The Djelk Rangers are a Maningrida based Indigenous land management group that has been in continuous operation since the early 1990s. Their area of responsibility covers the Bawinanga Aboriginal Corporation (BAC) region encapsulating what is now the Djelk Indigenous Protected Area.
The Djelk Indigenous Protected Area (IPA) covers an area of 6,672 square kilometres. Following many years of consultation and development it was declared a protected area in September 2009. Landowners from more than 102 clans were consulted and all gave their full support for the declaration of the IPA and the endorsement of The Djelk Rangers and their management activities.
BAC and Djelk Rangers continue to advocate for the declaration of the IPA over sea country which is not presently recognised.
There has been continued growth and development across all operations for the Djelk Rangers in 2010-2011. Work continues with many partner groups including NT Fisheries, Australian Customs, Working on Country, Indigenous Protected Areas, Australian Quarantine and Inspection Services as well as the Central Arnhem Fire Abatement (CALFA) project and West Arnhem Fire Abatement project (WALFA). This partner group won the environmental ‘Banksia Award’ in 2011.
As part of the collaboration between Djelk, the Northern Territory Government Biodiversity Unit and neighbouring Warddeken IPA, ecologist Alys Stevens has been working with the Djelk Rangers to implement and coordinate biodiversity benchmarking and monitoring to assess the impacts of regional management practises. This has been a beneficial partnership that has provided opportunities for Rangers, Traditional Owners and environmental groups to develop a better understanding of biodiversity in the IPA, including how it is being affected and the invaluable use of well planned and executed land management activities.
There are 34 Land and Sea Djelk Rangers employed full time through the Working on Country program with additional funding received from the Fee for Service activities and BAC.
2011 was a very productive year for the Sea Rangers. Combined Coastal surveillance patrols conducted for the year covered over 17,000 nautical miles from the Cape Stewart area to the east of Maningrida and to Cuthbert Point in the west.
Funds from the Aboriginals Benefit Account were received for the purchase of 3 new vessels to replace the ageing Bawinanga I, II and III Stabi Crafts.
In May 2011 a new 8m custom built Yamba Marine Ocean Cylinder was commissioned. Djelk II was officially launched in Darwin by members of the Maningrida community and The Minister for Parks and Wildlife, Karl Hampton. On its maiden voyage, Rangers on Djelk II travelled to Maningrida via the Garig Gunak Barlu National and Marine Park (Cobourg Peninsula) where they were hosted for two nights by local Rangers before continuing to Maningrida via Croker and Gouldburn Islands. These vessels will enable Djelk Rangers to increase capacity to patrol the waters around Maningrida in varying conditions and continue to develop and grow potential Sea management activities.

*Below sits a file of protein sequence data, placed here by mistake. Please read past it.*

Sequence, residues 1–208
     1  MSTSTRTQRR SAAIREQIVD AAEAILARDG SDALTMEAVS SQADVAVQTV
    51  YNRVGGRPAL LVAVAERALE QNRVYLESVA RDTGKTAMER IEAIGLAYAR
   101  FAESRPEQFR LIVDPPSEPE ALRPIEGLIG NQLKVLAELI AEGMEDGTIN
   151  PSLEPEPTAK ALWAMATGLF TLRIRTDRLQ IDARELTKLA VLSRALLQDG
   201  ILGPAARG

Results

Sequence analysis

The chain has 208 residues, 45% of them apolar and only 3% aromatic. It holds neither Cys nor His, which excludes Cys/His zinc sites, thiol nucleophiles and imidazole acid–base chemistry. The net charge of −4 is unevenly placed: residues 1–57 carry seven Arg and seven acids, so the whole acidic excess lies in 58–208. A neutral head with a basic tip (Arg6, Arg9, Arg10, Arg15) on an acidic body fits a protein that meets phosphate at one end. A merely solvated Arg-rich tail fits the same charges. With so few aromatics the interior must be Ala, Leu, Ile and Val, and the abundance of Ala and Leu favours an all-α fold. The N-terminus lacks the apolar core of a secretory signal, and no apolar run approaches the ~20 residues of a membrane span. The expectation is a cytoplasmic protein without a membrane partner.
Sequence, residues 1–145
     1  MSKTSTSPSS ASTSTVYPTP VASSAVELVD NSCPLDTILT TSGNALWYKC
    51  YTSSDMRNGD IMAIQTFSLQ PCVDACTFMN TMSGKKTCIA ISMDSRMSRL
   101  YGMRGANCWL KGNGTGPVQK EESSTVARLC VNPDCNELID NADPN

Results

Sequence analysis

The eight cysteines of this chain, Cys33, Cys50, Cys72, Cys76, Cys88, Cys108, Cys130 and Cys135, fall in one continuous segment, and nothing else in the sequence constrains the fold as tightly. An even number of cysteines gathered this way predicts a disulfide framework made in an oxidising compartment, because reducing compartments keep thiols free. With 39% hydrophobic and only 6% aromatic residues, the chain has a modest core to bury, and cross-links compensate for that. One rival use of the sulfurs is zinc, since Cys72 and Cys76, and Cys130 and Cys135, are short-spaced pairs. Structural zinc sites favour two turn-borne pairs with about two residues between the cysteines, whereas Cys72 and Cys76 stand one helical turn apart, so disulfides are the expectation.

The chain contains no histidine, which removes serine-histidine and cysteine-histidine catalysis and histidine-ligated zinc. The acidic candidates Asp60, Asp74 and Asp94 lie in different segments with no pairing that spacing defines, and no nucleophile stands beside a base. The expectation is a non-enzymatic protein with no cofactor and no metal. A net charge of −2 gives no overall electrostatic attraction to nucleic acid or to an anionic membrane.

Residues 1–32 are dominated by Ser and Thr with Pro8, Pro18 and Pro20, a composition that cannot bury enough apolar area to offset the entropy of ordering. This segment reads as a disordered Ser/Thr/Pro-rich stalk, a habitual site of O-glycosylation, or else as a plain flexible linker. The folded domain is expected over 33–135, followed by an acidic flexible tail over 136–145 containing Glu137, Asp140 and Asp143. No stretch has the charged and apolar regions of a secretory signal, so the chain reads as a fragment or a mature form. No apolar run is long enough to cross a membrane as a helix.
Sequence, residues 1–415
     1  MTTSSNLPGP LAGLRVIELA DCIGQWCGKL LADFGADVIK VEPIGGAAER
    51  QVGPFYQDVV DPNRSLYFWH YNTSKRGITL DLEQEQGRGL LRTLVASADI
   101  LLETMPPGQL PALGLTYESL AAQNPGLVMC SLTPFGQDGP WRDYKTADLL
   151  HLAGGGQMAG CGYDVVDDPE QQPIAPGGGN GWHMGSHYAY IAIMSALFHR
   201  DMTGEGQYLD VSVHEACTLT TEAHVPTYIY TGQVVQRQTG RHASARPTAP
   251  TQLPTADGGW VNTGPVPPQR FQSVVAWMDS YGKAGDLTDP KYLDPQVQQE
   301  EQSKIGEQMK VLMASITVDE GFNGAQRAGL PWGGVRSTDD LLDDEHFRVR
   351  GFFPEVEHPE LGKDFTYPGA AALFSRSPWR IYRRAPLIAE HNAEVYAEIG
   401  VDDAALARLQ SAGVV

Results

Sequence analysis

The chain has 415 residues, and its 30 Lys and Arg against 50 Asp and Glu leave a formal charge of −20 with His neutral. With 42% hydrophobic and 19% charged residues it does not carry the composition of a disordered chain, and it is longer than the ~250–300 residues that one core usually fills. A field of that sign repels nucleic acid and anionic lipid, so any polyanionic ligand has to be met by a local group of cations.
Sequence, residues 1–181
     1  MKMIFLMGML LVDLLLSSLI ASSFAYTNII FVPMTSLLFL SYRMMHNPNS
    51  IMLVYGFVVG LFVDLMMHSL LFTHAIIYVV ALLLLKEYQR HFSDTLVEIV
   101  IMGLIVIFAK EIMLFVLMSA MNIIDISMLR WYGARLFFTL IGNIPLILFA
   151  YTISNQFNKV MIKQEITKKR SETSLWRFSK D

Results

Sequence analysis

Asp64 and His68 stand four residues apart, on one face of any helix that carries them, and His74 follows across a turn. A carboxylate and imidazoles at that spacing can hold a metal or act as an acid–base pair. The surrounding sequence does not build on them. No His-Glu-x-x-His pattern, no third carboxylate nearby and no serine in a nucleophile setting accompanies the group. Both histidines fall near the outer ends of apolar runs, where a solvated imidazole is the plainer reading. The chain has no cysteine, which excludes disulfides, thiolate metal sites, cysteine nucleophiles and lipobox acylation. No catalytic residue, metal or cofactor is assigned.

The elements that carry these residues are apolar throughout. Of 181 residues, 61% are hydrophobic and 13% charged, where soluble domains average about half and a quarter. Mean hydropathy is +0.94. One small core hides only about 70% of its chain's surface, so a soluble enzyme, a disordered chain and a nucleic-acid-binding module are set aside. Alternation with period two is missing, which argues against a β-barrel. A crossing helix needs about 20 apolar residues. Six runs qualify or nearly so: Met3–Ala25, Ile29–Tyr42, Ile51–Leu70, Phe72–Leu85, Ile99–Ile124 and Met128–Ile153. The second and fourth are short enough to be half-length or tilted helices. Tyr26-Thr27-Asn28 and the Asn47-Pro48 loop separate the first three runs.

The Djelk Rangers land management activities focus on prescribed burning, feral animal control, weed management, cultural site protection and biodiversity monitoring as well as providing support to local Outstation residents. The majority of Djelk activities are carried out within the area of the IPA, but they also undertake significant work in the surrounding areas, particularly with prescribed burning and weed control.
In a busy 2011 the Land Rangers increased their activities in all core operations. Weed management practises increased markedly due to a lengthy Wet Season which sometimes proved difficult. However, it was undertaken with a great deal of success in sometimes very trying conditions. The establishment of Wet Season storage facilities at Gurr Gurr (Table Hill) also enabled Rangers to manage weeds in areas normally inaccessible during this period of the year.
Fire management was a major part of the Rangers’ work load in 2011 and due to the late Wet Season there was a significant increase of late season fires which the Rangers controlled successfully through on-ground fire fighting techniques and early season fire management implementation.
The development and trial of a new Cybertracker sequence to record data on Rock Art and culturally significant sites within the Djelk IPA also took place in 2011. This will be a valuable tool in expanding the cultural heritage component of land management activities. Djelk Rangers also assisted the Museum and Art Gallery of the Northern Territory (MAGNT) in the repatriation program—returning human remains to traditional Homelands (Outstations) within the IPA.
The heavy Wet Season kept the Rangers very busy with an increased number of recovery and rescue operations and extra support to Outstations. Community support activities are an important part of Djelk work—committed to supporting Outstations and people on country.
The Junior Ranger Program (Learning on Country program) was endorsed in 2011 with a signing of the Memorandum of Understanding (MOU) between BAC and Maningrida School.
Djelk continues to be a leader in Indigenous Ranger programs throughout Northern Australia and we look forward to the coming year and further growth in all areas..